SakkuBai Naidu, M.D.

SakkuBai Naidu, M.D.'s picture
Department of Neurogenetics

Kennedy Krieger Institute
707 N. Broadway
Baltimore, MD 21205
Phone: (443) 923-2778

Dr. SakkuBai Naidu is a research scientist in the Department of Neurogenetics at the Kennedy Krieger Institute. She is also a Professor in the Departments of Neurology and Pediatrics at the Johns Hopkins University School of Medicine.

Biographical Sketch: 

Dr. Naidu received her undergraduate and medical training at Madras Medical College in India. She served internships and residencies in Pediatrics at hospitals in Madras and in Brooklyn before accepting a fellowship in Pediatric Neurology at the Albert Einstein College of Medicine in the Bronx. She worked in hospitals in Chicago at the University of Illinois and Loyola University in Maywood, IL. In 1983, she trained in Neonatal EEG/Neurology at Port Royal Hospital in Paris. She came to Hopkins in 1984 as a Joseph P. Kennedy, Jr. Foundation Scholar. Dr. Naidu works as a Pediatric Neurologist at Kennedy Krieger Institute (KKI), where she directs KKI's Rett syndrome research..

Dr. Naidu is a member of the American Academy of Neurology, Child Neurology Society, American Neurological Association, International Child Neurology Society, Neurological Society of India and the American Association for the Advancement of Science.

Research Summary: 

Rett syndrome (RTT), a neurodevelopmental disorder predominantly affecting females, is characterized by a period of apparent normal development followed by loss of developmental skills, primarily expressive language and purposeful hand use. It is associated with stereotyped hand movements, gait disturbance, seizures, irregular respiration, and deceleration of head growth. The genetic defect causing the disorder was mapped to chromosome Xq28 and identified to be secondary to mutations in the MECP2 gene.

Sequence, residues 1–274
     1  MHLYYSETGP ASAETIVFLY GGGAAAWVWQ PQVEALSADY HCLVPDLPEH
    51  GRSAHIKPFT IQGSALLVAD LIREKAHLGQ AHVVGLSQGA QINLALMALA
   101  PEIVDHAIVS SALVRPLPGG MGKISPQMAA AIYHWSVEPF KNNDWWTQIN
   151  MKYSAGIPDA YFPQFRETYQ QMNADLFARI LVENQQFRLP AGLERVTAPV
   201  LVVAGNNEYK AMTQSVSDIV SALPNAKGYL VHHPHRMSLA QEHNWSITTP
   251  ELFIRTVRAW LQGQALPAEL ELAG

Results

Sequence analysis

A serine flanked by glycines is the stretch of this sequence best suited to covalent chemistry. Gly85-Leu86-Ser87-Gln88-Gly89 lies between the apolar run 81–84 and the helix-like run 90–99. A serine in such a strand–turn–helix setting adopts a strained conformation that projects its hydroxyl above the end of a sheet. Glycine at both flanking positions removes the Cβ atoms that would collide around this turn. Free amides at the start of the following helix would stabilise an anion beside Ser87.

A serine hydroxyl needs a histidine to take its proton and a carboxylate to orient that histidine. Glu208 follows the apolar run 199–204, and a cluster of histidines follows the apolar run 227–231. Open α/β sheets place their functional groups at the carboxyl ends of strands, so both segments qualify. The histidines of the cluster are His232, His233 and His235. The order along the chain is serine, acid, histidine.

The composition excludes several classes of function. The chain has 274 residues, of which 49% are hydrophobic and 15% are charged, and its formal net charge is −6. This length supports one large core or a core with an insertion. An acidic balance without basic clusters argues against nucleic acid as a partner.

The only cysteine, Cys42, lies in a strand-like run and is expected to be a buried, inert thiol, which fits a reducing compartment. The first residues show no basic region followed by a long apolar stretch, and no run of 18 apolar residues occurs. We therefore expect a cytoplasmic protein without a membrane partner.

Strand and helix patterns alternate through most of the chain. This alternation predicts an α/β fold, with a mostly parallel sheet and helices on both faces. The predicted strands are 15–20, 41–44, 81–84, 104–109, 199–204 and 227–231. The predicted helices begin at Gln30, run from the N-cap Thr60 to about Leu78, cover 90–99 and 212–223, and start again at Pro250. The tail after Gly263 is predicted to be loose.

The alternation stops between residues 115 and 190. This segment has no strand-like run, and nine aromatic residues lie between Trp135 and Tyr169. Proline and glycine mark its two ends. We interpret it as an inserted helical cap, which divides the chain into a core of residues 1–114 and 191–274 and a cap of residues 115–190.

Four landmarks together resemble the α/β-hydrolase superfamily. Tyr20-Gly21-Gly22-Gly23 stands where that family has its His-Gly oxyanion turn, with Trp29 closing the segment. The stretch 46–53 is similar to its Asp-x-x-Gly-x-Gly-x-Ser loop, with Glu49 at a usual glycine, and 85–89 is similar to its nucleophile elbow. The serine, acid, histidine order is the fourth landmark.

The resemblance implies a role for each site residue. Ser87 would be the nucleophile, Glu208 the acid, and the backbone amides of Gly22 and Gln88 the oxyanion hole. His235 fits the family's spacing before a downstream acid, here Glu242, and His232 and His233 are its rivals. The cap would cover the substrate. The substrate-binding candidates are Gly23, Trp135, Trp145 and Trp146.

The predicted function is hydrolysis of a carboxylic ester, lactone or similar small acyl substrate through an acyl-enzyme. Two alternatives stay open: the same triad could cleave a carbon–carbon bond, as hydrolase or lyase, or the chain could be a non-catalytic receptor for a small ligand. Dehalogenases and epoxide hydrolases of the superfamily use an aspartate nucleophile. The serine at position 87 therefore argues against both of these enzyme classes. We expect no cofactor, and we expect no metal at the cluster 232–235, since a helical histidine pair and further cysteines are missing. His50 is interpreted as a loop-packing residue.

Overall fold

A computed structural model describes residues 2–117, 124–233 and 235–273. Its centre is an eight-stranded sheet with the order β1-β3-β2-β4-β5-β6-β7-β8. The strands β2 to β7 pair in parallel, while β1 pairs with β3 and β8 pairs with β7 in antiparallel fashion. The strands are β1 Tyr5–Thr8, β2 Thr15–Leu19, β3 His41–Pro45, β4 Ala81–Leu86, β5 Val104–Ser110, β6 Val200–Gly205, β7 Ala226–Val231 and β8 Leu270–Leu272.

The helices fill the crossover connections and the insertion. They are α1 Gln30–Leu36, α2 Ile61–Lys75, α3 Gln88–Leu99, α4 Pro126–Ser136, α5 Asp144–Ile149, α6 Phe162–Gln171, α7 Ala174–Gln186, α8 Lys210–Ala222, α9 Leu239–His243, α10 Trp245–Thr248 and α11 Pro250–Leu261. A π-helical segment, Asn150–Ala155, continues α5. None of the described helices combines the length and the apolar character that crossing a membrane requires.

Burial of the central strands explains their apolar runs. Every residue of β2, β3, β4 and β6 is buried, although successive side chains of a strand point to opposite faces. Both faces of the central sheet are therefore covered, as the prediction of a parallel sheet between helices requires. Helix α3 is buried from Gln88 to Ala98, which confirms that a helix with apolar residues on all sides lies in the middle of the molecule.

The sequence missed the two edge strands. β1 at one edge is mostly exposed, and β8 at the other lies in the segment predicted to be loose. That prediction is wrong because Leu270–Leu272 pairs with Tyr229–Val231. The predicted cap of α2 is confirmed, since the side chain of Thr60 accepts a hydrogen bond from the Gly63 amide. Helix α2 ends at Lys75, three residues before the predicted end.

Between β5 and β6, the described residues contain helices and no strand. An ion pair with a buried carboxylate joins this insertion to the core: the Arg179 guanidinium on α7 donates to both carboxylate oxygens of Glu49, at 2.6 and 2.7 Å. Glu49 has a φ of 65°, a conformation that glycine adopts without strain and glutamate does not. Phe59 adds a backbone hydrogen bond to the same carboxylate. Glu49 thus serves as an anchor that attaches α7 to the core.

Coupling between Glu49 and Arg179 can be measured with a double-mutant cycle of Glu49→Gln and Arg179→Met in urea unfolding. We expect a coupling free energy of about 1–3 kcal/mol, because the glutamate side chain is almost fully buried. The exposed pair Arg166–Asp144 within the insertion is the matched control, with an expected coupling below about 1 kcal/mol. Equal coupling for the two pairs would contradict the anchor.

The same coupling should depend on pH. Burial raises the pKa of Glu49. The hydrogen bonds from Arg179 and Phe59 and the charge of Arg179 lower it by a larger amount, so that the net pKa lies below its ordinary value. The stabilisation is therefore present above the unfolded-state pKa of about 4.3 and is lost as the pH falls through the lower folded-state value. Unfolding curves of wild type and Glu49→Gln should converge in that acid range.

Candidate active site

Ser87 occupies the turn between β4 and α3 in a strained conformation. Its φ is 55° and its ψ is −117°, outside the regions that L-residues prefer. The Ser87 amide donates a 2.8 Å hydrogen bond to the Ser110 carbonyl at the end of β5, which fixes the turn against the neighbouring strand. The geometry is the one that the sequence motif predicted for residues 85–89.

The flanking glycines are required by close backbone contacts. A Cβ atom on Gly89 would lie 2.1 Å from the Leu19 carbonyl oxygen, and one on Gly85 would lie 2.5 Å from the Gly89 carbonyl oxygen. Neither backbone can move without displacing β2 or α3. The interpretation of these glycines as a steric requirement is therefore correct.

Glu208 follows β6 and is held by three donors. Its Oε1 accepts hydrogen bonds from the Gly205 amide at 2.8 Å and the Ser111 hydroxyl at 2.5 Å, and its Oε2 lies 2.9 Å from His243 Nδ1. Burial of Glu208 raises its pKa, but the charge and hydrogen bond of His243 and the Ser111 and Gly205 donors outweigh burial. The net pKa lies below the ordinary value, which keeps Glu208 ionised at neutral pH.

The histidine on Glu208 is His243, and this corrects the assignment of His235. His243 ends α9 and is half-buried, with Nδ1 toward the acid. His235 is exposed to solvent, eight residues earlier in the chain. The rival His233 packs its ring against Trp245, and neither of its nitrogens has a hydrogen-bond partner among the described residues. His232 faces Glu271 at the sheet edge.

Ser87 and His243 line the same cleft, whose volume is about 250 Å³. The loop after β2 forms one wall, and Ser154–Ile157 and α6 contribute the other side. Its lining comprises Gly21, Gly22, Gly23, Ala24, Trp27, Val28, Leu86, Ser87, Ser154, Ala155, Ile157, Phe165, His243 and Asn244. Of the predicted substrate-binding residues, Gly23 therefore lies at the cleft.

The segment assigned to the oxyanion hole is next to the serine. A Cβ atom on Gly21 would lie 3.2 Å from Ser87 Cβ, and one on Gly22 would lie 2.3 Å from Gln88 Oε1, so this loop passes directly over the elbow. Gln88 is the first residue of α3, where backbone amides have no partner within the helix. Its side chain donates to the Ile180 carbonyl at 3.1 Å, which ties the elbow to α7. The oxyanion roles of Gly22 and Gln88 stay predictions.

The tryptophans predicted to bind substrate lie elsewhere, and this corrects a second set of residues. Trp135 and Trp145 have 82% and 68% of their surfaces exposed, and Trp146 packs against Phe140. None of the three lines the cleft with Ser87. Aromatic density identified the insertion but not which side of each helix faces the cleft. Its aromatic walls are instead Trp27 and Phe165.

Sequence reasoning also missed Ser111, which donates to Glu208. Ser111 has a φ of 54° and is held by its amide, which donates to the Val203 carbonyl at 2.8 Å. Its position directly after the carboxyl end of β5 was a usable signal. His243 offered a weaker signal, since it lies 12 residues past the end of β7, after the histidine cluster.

Dr. Naidu is a trained pediatrician and neurologist with special interest in developmental and neurogenetic disorders affecting children and adults. Combining careful clinical analysis with technological advances in neuroimaging, genetics and neuroscience, Dr. Naidu is able to accurately characterize neurogenetic disorders. Her activities are at the interface between clinical neurology and basic sciences. Work involving this interface provides a unique opportunity to understand the developing brain, the biological basis of disease and to develop new strategies for prevention and therapy.

Dr. Naidu and colleagues, in addition to having extensively studied the pathogenesis of RTT, proposed a chemical explanation for why older girls with the disorder have fewer seizures, and experience less psychomotor regression than those who are younger. In her work with other neurodegenerative disorders, particularly those associated with abnormalities of the white matter of the brain, Dr. Naidu and colleagues have tested criteria for in vivo MR imaging diagnosis of diseases, usually eliminating the need for a brain biopsy to obtain a definitive diagnosis. She has also demonstrated a novel MRI manifestation of adult Krabbé disease. Dr. Naidu works with unclassified leukoencephalopathies, and has identified newer categories of disorders in which genetic studies use whole exome sequencing.

Research Publications:

Jenkinson EM, Rodero MP, Kasher PR, Uggenti C, Oojageer A, Goosey LC, Rose Y, Kershaw CJ, Urquhart JE, Williams SG, Bhaskar SS, O'Sullivan J, Baerlocher GM, Haubitz M, Aubert G, Barañano KW, Barnicoat AJ, Battini R, Berger A, Blair EM, Brunstrom-Hernandez JE, Buckard JA, Cassiman DM, Caumes R, Cordelli DM, De Waele LM, Fay AJ, Ferreira P, Fletcher NA, Fryer AE, Goel H, Hemingway CA, Henneke M, Hughes I, Jefferson RJ, Kumar R, Lagae L, Landrieu PG, Lourenço CM, Malpas TJ, Mehta SG, Metz I, Naidu S, Õunap K, Panzer A, Prabhakar P, Quaghebeur G, Schiffmann R, Sherr EH, Sinnathuray KR, Soh C, Stewart HS, Stone J, Van Esch H, Van Mol CE, Vanderver A, Wakeling EL, Whitney A, Pavitt GD, Griffiths-Jones S, Rice GI, Revy P, van der Knaap MS, Livingston JH, O'Keefe RT, Crow YJ (2016). Mutations in SNORD118 cause the cerebral microangiopathy leukoencephalopathy with calcifications and cysts. Nat Genet. 48(10), 1185-92. Abstract
Kevelam SH, Steenweg ME, Srivastava S, Helman G, Naidu S, Schiffmann R, Blaser S, Vanderver A, Wolf NI, van der Knaap MS (2016). Update on Leukodystrophies: A Historical Perspective and Adapted Definition. Neuropediatrics. , . Abstract
Pidcock FS, Salorio C, Bibat G, Swain J, Scheller J, Shore W, Naidu S (2016). Functional outcomes in Rett syndrome. Brain Dev. 38(1), 76-81. Abstract

Other Publications:

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